Aladdin the musical is currently playing at Civic Theatre. Madeleine Chapman sat down with the star of the show, Gareth Jacobs.
There was a standing ovation at the Civic theatre in the middle of the musical Aladdin. It was genuine and long, a rarity. And it was all for Genie.
The role of Genie, while not eponymous, is the lead in Aladdin insofar as face, dialogue, and song recognition goes. Robin Williams provided perhaps the greatest voice acting performance of all time in the 1992 Disney film, and when the character was awarded more depth and stage time in the musical on Broadway, so too was James Monroe Iglehart with a Tony for his performance originating the role.
Like Hamlet, the role of Genie can make or break a show.
Gareth Jacobs knows this all too well. Before taking up the role, Jacobs understudied for Genie (and others) in the Australian cast. “I started with the show back when it first started in Australia in 2016 and I was the offstage standby,” he explained after rehearsals earlier this week. “I sort of waited in the wings for if someone was sick or they took holidays or something like that.”
In December 2017, Jacobs got the call that he’d been promoted. Instead of waiting to sub in every night, he was going to be the man to carry the show. A “dream come true” for someone who knew he wanted to do musical theatre ever since his parents took him to see “a heavy musical for a kid”, Phantom of the Opera. “I walked out of that thinking that this was the best thing I’d ever seen and I said to my mum and dad that this is what I’m going to do.“
After working mostly in theatre on cruise ships, Jacobs refers to Aladdin as “the first professional musical that I’ve done”. It may be his first and it may be in Australia and New Zealand, but there’s a career trajectory being etched for Genies that Jacobs may choose to follow. Michael James Scott, who preceded Jacobs in the Australian cast, is now playing the role on Broadway. And Iglehart, who originated the role on Broadway, is currently playing Thomas Jefferson/Lafayette in Hamilton, arguably the biggest musical of the decade.
Jacobs knows this, but also knows that he can’t simply replicate his predecessors’ performances to succeed. “No Genie plays it the same,” he said. “Being able to put my own personality in there and throw in some local jokes and humour is what differentiates each genie.” And the local jokes work. They’re not abundant – a mention of Takapuna here, a stuffed kiwi there – but they’re enough to keep the crowd invested early on in a typically long musical.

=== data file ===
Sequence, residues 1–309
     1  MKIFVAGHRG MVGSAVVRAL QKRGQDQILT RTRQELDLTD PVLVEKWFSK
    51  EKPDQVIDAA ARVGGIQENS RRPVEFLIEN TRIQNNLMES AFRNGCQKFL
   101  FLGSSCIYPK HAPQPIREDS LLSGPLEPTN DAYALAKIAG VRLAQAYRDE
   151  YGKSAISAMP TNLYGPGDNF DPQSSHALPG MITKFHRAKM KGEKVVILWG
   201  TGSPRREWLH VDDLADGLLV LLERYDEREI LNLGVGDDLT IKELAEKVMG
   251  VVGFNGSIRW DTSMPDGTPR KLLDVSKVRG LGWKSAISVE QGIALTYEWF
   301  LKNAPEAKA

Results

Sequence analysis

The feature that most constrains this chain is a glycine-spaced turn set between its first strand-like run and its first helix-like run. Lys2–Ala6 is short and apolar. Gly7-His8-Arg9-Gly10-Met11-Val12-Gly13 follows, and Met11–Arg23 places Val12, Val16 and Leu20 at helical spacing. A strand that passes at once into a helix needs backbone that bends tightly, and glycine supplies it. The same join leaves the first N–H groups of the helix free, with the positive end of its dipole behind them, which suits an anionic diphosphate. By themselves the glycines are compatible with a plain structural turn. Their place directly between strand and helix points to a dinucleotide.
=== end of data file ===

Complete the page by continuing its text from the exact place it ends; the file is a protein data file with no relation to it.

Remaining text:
Fittingly, the longest number is from Genie himself. ‘Friend Like Me’, a two minute animated number in the original film, is stretched to over seven minutes, with dancing, tap, karaoke, magic tricks, fireworks, basically everything. It’s so long and full of stuff that you can’t help but wonder if it will ever end (in a good way). Even Jacobs thought the same when he went to the Broadway show to see what he was in for. “I definitely looked at my watch a few times when I saw it the first time. I thought ‘oh god it’s still going! Okay, we can do this.” Book ending the number are three minute scenes with Genie essentially monologuing to Aladdin. In total, it’s 15 minutes of all Genie, all the time, and it’s the runaway highlight of the night.
I was nervous to see the show. By pure luck, I’d seen Aladdin on Broadway in 2015, with Iglehart in the role of Genie. He was incredible – he won a Tony for it, remember – and I knew that if the Genie wasn’t up to scratch, the whole show would suffer for it, more so than any other role or actor. I was also taking my 11 year old nephew to see his first musical, the same age Jacobs was when he saw Phantom of the Opera and it changed his life. I didn’t expect to change my nephew’s life but it would be nice for him to not think I was into lame theatre shows.
I needn’t have worried. As ‘Friend Like Me’ drew near, I crossed my fingers. Maybe I was amazed by it in 2015 because it was my first ever musical theatre experience and I was naive. It seemed the entire media industry was at the opening night and they’re a cynical lot. What if it fizzled?
Jacobs made his introductions, got good laughs, and launched into his big number. He tore the fake sky roof off the place. For those wondering whether touring companies of Broadway shows are a slightly lesser versions of the “real deal”, if this one was I certainly couldn’t tell. ‘Friend Like Me’ went on, and on, literal sparks flew, someone yelled out in surprise on more than one occasion, and when Genie finally stopped moving, the first time in what seemed like an hour, the audience stood. I looked over at my nephew and his mouth was hanging open.
The whole cast is exceptional but it’s Aladdin, and in Aladdin there’s one star and it’s Genie. Jacobs stepped into those Swarovsky-crystal-lined harem pants and they fit perfectly. He’s the star of the show. But like the Genie of Agrabah, he’s simply glad to be of service.
“Everyone walks out of here having forgotten about their troubles for a few hours, that’s the most rewarding thing for me. Knowing that I’ve been able to help them forget some of their day to day issues as they step into our fantasy world.”
It’s a fantasy world well worth visiting.
Aladdin – The Musical is showing at the Civic Theatre in Auckland until March 3. Find tickets here.
The Bulletin is The Spinoff’s acclaimed, free daily curated digest of all the most important stories from around New Zealand delivered directly to your inbox each morning.